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TX House Approves Bill Requiring Sonogram Before Abortions

TX House Approves Bill Requiring Sonogram Before Abortions

"We want to make sure that they're fully informed..."

The Texas House of Representatives voted overwhelmingly yesterday to pass a bill that requires women seeking abortions to first get a sonogram as well as listen to audio, if available, of the unborn baby's heartbeat.

Reuters reports:

The proposal, the first significant bill considered by the House this year, was designated by Republican Governor Rick Perry as an emergency priority. A similar measure has already been approved by the state Senate.

Women would have to get an ultrasound between 24 and 72 hours before an abortion, the bill says. They would view the sonogram, hear an explanation of the image and listen to the heartbeat, if it is audible. [...]

Democrats tried unsuccessfully to add a series of amendments to the bill. One of those said that if the woman decided not to go through with the abortion, the state would have to pay for the college education for the child. Another, which also would have applied to cases in which the woman decided not to have the abortion, would have allowed women to get a court order to require the father of the child to get a vasectomy.

"We want to make sure that they're fully informed, that they understand the medical consequences, the psychological consequences and everything involved in the procedure," the bill's author, Republican state Rep. Sid Miller, told Reuters.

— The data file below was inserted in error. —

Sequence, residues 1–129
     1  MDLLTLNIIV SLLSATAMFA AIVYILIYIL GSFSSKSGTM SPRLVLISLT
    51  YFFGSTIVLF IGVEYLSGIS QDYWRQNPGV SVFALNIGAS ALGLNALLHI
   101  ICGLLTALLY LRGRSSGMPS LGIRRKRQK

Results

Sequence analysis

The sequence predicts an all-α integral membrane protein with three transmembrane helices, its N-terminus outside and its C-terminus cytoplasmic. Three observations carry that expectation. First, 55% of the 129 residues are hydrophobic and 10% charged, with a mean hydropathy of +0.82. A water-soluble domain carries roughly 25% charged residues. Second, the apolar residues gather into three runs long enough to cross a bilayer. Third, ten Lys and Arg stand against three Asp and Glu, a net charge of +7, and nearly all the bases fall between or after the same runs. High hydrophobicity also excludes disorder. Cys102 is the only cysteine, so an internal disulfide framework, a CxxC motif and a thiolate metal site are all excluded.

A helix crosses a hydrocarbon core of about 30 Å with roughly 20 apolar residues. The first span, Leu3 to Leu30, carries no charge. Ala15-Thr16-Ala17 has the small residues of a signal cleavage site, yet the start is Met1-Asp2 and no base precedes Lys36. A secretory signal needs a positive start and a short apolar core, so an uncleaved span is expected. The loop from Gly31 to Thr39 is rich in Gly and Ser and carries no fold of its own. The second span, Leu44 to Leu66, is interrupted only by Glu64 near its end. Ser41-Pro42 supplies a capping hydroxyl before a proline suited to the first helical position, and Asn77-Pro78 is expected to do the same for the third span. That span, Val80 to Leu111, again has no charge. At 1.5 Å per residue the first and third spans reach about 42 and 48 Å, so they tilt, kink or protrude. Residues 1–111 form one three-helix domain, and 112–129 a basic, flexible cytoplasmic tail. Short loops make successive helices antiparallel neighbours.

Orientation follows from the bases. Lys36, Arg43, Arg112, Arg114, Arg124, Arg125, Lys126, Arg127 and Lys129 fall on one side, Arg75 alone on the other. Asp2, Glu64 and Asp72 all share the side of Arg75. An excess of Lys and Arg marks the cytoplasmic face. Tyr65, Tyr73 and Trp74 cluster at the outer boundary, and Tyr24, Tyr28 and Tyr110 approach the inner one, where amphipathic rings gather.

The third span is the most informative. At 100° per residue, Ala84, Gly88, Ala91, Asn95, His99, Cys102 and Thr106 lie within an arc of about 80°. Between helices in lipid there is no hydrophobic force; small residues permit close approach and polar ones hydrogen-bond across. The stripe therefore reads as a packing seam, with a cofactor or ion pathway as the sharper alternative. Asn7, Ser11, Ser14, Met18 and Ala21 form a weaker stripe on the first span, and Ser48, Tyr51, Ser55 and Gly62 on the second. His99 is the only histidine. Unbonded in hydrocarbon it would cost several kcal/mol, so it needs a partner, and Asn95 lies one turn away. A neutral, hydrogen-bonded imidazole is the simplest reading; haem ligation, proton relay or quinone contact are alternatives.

Not everyone is happy, however. For example, opponents of the bill claim it's an intrusive procedure and it will traumatize women.

"This is not the jelly on the belly that most of you think," Rep. Carol Alvarado, a Houston Democrat, told Reuters. "This is government intrusion at its best."

The bill still faces a minor procedural hurdle on Monday (when it's expected to be fully passed), and it must be rectified with a similar bill passed in the Senate last month. That, says Sen. Dan Patrick (R-Houston), is of the utmost importance and could be difficult.

"I appreciate the hard work and the efforts of the House, and if I could vote for their bill by myself, I'd sign off on it," Patrick told the Fort Worth Star Telegram. "But we do not have the votes to pass their bill, and every day that goes by, we lose potentially 40 to 50 lives. So we cannot let this process linger."

The Telegram explains some of the key differences:

The Senate bill contains exemptions for victims of incest and rape, which the House bill does not. Another key difference centers on the amount of time between the sonogram and the abortion.

Under the House bill, a sonogram must be performed no later than 24 hours before an abortion. The Senate bill would allow the sonogram to be performed up to two hours beforehand. Many proponents say the House version would give women more time to rethink their decision.

The measure passed overwhelmingly in the House on a mostly party-line vote of 103-42.

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